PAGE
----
INDIAN ARTISTS COMMENT ON A BOOMING ECONOMY WHILE HELPING TO FUEL IT
MUMBAI - In a humble suburb, past storefronts splashed with soap-powder ads and banners splashed with the faces of local politicians, sits a narrow row of tenement flats, in whose courtyard sits a woman, sari hitched up to her knees, washing that morning's pots and pans. With a nod of her head she directs you two doors down, to where some of India's most critically acclaimed contemporary art is being made.
A large white door opens into the studio of Atul Dodiya, whose large, biting commentaries on what vexes his country embrace all that can be found on these streets and more. His canvases swallow everything, from the garish everyday India to high art from all over.
Around the bend, splish-splash through a puddle that rises to the ankles after barely an hour's rain, is the corner studio of his wife, Anju, whose quiet, sometimes whimsical play on the self-portrait seems to eschew the noise of the city. (The city cannot always be kept out of her studio: the monsoon floods, thanks to an overflowing courtyard drain, have forced her to postpone temporarily some paintings on mattresses, her latest canvas.)
TREADING A NEW PATH ON CANVAS: JITISH KALLAT'S PAINTINGS ON DISPLAY AT BODHI ART GALLERY MARK A SHIFT FROM HIS EARLIER WORKS.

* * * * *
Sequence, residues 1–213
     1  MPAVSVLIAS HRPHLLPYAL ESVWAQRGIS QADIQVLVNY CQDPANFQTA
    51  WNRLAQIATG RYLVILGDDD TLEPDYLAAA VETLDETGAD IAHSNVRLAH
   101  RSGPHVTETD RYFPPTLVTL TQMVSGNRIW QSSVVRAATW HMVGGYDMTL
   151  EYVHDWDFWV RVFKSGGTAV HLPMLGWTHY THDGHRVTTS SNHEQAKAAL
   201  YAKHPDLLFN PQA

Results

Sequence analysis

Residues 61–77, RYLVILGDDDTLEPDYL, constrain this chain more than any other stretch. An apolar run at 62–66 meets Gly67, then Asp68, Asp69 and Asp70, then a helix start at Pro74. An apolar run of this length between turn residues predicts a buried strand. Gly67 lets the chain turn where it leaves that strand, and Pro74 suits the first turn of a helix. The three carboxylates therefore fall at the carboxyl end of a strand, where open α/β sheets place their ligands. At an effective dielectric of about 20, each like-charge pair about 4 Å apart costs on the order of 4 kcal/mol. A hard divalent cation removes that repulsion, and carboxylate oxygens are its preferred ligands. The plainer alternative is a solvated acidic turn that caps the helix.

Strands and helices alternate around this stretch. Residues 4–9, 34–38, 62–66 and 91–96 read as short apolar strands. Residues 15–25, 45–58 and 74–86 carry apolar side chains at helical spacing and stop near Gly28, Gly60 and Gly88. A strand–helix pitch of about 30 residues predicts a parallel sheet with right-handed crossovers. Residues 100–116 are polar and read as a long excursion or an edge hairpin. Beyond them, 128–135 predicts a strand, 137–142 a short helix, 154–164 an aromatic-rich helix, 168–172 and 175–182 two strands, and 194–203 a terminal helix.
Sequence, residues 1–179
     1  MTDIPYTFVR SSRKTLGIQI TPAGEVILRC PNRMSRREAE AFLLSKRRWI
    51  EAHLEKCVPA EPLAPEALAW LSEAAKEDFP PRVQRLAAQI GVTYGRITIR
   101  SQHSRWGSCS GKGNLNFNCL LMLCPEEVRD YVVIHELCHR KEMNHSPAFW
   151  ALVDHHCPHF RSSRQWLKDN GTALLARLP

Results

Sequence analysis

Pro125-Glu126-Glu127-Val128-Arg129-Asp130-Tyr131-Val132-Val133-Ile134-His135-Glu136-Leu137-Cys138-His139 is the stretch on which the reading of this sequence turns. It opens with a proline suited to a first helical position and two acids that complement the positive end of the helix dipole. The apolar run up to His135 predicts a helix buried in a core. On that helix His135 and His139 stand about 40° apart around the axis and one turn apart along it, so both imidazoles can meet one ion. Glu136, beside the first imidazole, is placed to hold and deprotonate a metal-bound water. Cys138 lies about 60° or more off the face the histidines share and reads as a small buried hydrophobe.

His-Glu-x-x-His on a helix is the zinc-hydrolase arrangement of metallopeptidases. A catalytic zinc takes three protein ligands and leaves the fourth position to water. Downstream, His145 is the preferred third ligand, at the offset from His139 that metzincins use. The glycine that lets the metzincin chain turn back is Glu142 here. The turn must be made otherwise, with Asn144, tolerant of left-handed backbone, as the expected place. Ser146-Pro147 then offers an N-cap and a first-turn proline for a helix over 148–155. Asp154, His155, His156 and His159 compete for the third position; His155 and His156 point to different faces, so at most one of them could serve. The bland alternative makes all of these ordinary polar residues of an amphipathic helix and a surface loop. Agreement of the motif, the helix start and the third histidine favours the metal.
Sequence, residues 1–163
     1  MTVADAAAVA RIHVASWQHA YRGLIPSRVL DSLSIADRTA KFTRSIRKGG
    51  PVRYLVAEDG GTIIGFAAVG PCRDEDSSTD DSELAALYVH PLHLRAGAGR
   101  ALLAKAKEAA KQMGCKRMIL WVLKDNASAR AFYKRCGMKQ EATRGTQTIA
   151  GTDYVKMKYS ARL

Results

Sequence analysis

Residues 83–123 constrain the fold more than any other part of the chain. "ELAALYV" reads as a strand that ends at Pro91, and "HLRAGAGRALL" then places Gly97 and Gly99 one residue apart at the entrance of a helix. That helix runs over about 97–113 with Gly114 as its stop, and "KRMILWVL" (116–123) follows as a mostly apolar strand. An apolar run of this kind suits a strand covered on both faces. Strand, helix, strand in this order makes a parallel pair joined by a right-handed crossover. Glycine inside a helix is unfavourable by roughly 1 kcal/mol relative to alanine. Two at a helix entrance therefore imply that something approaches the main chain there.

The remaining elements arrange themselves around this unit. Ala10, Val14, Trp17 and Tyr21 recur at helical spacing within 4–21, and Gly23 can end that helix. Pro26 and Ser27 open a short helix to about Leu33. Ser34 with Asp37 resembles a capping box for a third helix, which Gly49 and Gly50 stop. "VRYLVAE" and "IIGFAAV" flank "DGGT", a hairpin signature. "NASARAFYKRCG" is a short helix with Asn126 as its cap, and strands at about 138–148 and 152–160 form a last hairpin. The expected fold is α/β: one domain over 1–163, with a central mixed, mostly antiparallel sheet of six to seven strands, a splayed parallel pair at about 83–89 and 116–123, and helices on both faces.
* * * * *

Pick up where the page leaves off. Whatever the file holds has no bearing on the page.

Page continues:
A cow in the city. A subject so banal that you unthinkingly dodge it in your moving car, until a vivid recollection transfixes the cow into a sculpture or painting that spins out from the studios of the photorealist school of artists that have dominated art production in India over the past three years. In a sense, the Bombay Boys syndrome of fixing the city as subject and celebrant, one that conveys the sour spice of the Bombay sandwich, the stench of collective 5 p.m. sweat in the moving train and the still reeking memorial of fear to the Bombay blast have become a distinct body of work within the larger phenomenon of contemporary Indian painting. The discursive engagements for such work ally strongly with the global emphasis on the city as location/site/map, of the structures of urbanism that carry within them an openness. As Derrida writes in The City of Asylum, "walking through cities one finds that the city is indeed an open, non-totalizable set of idioms, singularities, styles: a place to welcome the other within the self, a place open to what is coming, the very coming of what is to come, open to imminence." In this sense, the city as subject is fraught with uncertainty: the subject can never be whole or just, and in this, tends to create paintings like snapshots of individual sensory experience.